BUSH APPOINTS TED KENNEDY TO SUPREME COURT
Dems Fears Allayed
July 12, 2005
WASHINGTON—This morning, after a breakfast meeting with Senators Charles Schumer (D-NY), Hillary Clinton (D-NY), and the President's White House physician, President Bush announced that he will seek Senate approval for the nomination of Senator Edward Kennedy (D-Mass) to replace Sandra Day O’Conner on the U.S. Supreme Court.
The stunning news came just days after Senator Clinton likened the President to Mad Magazine’s “What, me worry?” character, Alfred E. Neuman, and Senator Kennedy himself had renewed his sharp criticism of the President for mismanagement of not only the War on Terror, but the quagmire in Iraq “and for disgracing the presidency itself.”
When asked why, after all the mean-spirited criticism from Ted Kennedy over the years of Bush's presidency, he still saw fit to elevate the Senator to the position of Supreme Court Justice, the President said that he had no comment, except that "some Presidential decisions rise above politics."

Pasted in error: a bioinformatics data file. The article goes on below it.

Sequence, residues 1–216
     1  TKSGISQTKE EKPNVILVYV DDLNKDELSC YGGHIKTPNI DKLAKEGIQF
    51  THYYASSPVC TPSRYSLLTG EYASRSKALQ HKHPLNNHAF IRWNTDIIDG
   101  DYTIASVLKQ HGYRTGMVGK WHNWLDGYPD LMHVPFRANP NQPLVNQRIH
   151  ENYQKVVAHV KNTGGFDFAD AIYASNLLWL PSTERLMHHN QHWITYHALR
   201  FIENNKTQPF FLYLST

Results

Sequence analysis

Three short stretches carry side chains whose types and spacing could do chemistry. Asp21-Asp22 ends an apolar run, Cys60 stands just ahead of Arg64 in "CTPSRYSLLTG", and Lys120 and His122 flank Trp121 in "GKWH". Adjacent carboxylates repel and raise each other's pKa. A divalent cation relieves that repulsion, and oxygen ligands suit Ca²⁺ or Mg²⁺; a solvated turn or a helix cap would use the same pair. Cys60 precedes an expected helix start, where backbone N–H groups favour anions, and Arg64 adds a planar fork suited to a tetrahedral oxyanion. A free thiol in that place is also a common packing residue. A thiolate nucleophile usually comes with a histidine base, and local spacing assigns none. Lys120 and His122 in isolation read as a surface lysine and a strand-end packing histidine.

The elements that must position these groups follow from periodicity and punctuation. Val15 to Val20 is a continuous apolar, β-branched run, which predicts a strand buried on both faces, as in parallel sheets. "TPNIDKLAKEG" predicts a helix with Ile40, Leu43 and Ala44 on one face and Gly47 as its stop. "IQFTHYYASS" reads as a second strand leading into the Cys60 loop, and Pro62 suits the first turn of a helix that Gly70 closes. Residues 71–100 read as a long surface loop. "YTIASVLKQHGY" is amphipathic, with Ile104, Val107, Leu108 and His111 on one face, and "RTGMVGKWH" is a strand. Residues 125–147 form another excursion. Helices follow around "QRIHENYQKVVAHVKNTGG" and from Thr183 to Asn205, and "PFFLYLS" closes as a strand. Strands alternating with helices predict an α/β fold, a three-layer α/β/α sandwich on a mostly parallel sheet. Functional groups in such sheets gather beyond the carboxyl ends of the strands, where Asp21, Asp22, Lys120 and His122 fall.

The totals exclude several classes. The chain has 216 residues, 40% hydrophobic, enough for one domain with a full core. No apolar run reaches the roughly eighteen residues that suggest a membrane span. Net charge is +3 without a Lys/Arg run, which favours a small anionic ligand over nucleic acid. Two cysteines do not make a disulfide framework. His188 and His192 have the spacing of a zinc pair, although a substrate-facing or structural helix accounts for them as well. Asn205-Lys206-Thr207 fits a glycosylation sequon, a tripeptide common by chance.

But a source close to the White House said it was because the President was hopeful that the nomination would get Kennedy to shut his big fat mouth for awhile. “It is just a matter of self-defense,” the source said, adding, “The President has his health to consider."
There is another unconfirmed report that someone very close to Mr. Bush quoted the President as saying, “This guy’s breath is so bad I’d be afraid to strike a match in the same room. If I had to be around him much longer I'd be back on the sauce myself.”